Starbucks Corp. (SBUX) said it expects to post a loss in the third quarter after losing as much as $3.2 billion in revenue due to the impact of the coronavirus pandemic, while also planning store closures in the U.S. and Canada.
The stock dropped 4% on Wednesday to close at $79.08 after the coffee chain operator provided an annual financial outlook and updated quarterly estimates.
Starbucks expects to post an adjusted loss of $0.55 to $0.70 per share in the third fiscal quarter ending in June, according to preliminary figures. Operating income is estimated to decline by as much as $2.2 billion, representing a flowthrough rate of about 65% to 70% on lost sales.
The coffee chain sees adjusted EPS improve sequentially in Q4 fiscal 2020, which it forecasts to be in a range of about $0.15 to $0.40. Full-year expectations for adjusted EPS are estimated to be in a range of $0.55 to $0.95 for fiscal 2020.
Over the next 18 months, Starbucks plans to close about 400 stores in the Americas and slash the number of its 600 planned new store openings to about 300 this fiscal year. In Canada, the company may close up to 200 stores over the next two years.
On a geographic breakdown, Starbucks expects U.S. comparable store sales in fiscal 2020 to drop 40% to 45% in Q3, and then improve to a decline of 10% to 20% in Q4, yielding a retreat of 10% to 20% for the full fiscal year.
U.S. company-operated stores began to re-open in the second week of May, with about 50% open at the end of April and 91% open at the end of May.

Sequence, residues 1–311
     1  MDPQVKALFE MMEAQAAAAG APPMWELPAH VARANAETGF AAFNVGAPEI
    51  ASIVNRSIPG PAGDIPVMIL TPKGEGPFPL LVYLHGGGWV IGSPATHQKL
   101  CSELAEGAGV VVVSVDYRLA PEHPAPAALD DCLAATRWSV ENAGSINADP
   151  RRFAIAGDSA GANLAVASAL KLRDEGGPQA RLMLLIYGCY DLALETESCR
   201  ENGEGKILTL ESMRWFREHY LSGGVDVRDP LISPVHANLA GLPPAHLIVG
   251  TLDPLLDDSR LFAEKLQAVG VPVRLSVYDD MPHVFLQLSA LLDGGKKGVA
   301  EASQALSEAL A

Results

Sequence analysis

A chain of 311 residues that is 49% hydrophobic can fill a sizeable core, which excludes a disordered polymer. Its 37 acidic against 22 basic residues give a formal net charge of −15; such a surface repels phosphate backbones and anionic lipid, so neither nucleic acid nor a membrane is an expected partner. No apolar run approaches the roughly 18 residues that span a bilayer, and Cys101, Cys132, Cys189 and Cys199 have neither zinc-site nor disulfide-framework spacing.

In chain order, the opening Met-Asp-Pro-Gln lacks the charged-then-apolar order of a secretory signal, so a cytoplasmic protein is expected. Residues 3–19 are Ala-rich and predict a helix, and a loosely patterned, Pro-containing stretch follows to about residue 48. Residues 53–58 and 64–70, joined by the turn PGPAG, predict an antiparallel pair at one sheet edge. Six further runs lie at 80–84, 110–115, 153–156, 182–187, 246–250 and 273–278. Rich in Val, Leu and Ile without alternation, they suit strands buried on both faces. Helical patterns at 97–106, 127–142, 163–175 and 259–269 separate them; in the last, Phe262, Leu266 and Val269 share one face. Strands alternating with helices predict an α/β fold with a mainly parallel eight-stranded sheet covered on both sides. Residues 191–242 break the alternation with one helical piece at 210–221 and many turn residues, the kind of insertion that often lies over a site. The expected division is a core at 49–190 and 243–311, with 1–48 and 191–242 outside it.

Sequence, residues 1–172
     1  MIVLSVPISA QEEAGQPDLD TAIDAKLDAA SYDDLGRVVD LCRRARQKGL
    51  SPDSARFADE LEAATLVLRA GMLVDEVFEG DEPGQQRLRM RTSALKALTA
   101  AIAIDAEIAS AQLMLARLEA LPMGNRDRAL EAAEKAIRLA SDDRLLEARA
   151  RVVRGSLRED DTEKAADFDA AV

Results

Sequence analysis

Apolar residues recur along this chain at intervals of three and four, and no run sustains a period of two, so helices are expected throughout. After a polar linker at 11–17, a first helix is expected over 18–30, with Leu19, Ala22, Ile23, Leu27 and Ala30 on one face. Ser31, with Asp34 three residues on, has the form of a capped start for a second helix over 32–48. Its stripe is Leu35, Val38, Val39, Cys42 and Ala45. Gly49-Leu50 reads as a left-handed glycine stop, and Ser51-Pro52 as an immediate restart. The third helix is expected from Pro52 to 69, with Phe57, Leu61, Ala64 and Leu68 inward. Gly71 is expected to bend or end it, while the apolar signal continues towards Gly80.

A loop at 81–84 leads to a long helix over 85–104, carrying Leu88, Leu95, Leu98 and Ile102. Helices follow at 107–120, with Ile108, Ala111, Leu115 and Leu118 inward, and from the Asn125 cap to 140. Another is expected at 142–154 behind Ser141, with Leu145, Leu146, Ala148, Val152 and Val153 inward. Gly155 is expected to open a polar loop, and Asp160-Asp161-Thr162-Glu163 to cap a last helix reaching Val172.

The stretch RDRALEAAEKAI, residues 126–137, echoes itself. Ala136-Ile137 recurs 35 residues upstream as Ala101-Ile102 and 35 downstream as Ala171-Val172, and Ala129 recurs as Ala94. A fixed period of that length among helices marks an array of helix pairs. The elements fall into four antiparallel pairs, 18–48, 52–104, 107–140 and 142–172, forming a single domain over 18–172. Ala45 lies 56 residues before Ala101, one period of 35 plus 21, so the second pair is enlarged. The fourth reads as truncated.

In China, Starbucks said that the recovery, which started in late February, has continued into the third fiscal quarter, with comparable store sales down 21% versus the prior year in May, and down 32% in April. With 99% of stores in China open, comparable store sales retreated by about 14% in the final week of May compared to the prior year. The number of Starbucks stores in China has surpassed 4,400 and the company said that it is on track to add at least 500 new stores this fiscal year.
“With the progress we have seen to date in China, we continue to believe that comparable store sales will substantially recover by the end of the fourth fiscal quarter,” the company said in a letter to shareholders.
China’s comparable sales are expected to improve to a decline of 20% to 25% in Q3, and trend towards roughly flat by the end of Q4, yielding a decline of 10% to 20% for the full fiscal year.
Despite a share surge of 40% since hitting a low in March, Starbucks is still down over 10% year-to-date.
Commenting on the financial update, five-star analyst Brian Bittner at Oppenheimer says he remains more cautious in the near term as sales trends are significantly disrupted by the virus. However, in the longer-term he believes that the brand and the company are “well-positioned to weather this storm”.
Therefore, Bittner maintains a Buy rating on the stock with a $85 price target.
“Overall, the recovery remains choppy and the update aligns with our view that the path in the US to a fully restored annualized unit value (AUV) setting remains challenging,” Bittner wrote in a note to investors. “This could keep the stock range-bound in the near term, and we would look at a pullback toward $70/sh to become more aggressive with our Outperform.”
In addition, Bittner lowered his earnings estimates through F21 to EPS of $2.57 versus the Street’s $2.73.
Meanwhile, the rest of the Wall Street community is cautiously optimistic on the stock. Recent reviews by 22 analysts show 12 Hold versus 10 Buy ratings adding up to a Moderate Buy consensus. The $80.11 average price target reflects analysts’ view that shares are almost fully priced. (See Starbucks stock analysis on TipRanks).